More than a half-century after US federal troops escorted nine black American students into an all-white school in Little Rock, Arkansas, efforts to desegregate the classrooms of this southern US city are at another turning point.
The state wants to end its long-running payments for desegregation programs — which date back to the era when schools were segregated by law in the south.
However, three school districts that receive the money say they need it to continue key programs, and a US federal judge has accused the schools of delaying desegregation so they can keep receiving an annual infusion of US$70 million.
A federal appeals court will hear arguments today from both sides. The judges are expected to decide eventually whether Arkansas still has to make the payments and whether two of the districts should remain under court supervision.
The schools, which serve about 50,000 students, have come a long way since 1957, when the governor and hundreds of protesters famously tried to stop the nine black students, known as the Little Rock Nine, from entering Central High School. However, thousands of white and black children still have to be bused to different neighborhoods every day under one of the US’ largest remaining court-ordered desegregation systems.
Now parents are worried about the schools’ future and some are considering enrolling their children elsewhere.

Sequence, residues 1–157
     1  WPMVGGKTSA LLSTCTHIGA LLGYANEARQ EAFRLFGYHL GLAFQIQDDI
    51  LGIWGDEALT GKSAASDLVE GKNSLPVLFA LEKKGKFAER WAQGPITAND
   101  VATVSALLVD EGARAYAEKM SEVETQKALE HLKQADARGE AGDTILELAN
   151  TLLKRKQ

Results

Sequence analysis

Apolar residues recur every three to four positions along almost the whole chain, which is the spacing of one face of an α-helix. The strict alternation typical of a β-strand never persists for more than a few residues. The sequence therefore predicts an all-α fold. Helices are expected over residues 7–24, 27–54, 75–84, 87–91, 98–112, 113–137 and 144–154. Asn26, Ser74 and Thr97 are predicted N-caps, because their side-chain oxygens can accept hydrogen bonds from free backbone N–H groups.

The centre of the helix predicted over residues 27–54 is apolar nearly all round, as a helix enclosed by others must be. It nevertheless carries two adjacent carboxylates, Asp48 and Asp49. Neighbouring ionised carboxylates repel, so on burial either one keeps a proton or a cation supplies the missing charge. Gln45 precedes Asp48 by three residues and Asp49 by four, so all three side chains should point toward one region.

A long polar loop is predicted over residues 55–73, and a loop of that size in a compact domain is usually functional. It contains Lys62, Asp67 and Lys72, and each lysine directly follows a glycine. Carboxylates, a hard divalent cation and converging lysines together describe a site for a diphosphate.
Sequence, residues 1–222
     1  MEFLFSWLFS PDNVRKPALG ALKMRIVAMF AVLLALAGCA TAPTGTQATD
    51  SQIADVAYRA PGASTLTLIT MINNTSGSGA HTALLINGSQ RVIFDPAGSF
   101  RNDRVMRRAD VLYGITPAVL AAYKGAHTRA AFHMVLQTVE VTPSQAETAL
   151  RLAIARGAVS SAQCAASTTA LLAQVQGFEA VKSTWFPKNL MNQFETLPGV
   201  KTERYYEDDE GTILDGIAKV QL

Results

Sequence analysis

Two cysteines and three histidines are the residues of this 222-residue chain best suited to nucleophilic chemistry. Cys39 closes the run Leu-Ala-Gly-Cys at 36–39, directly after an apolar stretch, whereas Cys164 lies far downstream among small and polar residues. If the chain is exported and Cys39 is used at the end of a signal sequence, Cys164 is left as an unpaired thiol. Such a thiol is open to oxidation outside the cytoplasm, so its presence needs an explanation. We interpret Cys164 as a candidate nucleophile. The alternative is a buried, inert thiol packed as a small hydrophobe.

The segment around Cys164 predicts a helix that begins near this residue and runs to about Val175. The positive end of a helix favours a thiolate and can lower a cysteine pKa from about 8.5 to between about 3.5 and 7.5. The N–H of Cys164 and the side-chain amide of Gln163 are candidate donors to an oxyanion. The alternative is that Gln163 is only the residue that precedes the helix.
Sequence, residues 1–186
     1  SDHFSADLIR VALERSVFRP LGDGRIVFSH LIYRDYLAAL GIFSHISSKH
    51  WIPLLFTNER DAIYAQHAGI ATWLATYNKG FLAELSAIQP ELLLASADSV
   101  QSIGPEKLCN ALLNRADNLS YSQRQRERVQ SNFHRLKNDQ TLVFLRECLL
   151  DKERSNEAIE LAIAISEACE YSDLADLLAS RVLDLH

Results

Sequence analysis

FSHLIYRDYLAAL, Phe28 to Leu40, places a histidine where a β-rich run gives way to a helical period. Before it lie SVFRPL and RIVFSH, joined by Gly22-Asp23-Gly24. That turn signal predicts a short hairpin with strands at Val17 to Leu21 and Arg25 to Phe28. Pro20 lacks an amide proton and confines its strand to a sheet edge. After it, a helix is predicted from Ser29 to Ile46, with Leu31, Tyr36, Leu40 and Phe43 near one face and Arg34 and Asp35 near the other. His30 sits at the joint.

The districts argue that desegregation should be about giving parents options between good schools, not strictly counting the number of white and black students.
“Anybody can put students on a bus,” said Bobby Acklin, assistant superintendent for desegregation at the North Little Rock School District. “It doesn’t matter to me who’s in the school, as long as we have a good program.”
State lawmakers have long derided the payments and Arkansas Governor Mike Beebe and other officials have pushed to end the practice, too.
The battle over school desegregation persisted for decades after the US Civil Rights Movement. In 1982, the city schools sued two neighboring districts and the state for not doing enough to help with desegregation.
Two years later, a federal judge ruled that those districts had wrongfully separated white and black students. In 1989, the schools and the state reached a settlement that required large payments to the Little Rock, North Little Rock and Pulaski County districts. It is still in effect today.
Some Little Rock schools remain as segregated as the neighborhoods around them. And achieving racial balance is becoming more difficult as families leave the suburbs that supply white students to schools in majority-black city neighborhoods. Despite years of efforts, black students still score much lower on tests than white students.
The settlement did establish popular magnet schools in urban Little Rock, but the money has also been a source of constant controversy. District administrators have fought over how to spend the money. Arkansas Attorney General Dustin McDaniel has alleged the districts use desegregation funding elsewhere in their budgets.
In May, a federal judge accused the North Little Rock and Pulaski County districts of delaying desegregation to keep getting state money.
US District Judge Brian Miller pointed to problems with student achievement and discipline, particularly in Pulaski County, a suburban district that takes in black students from Little Rock and North Little Rock and sends white children to both.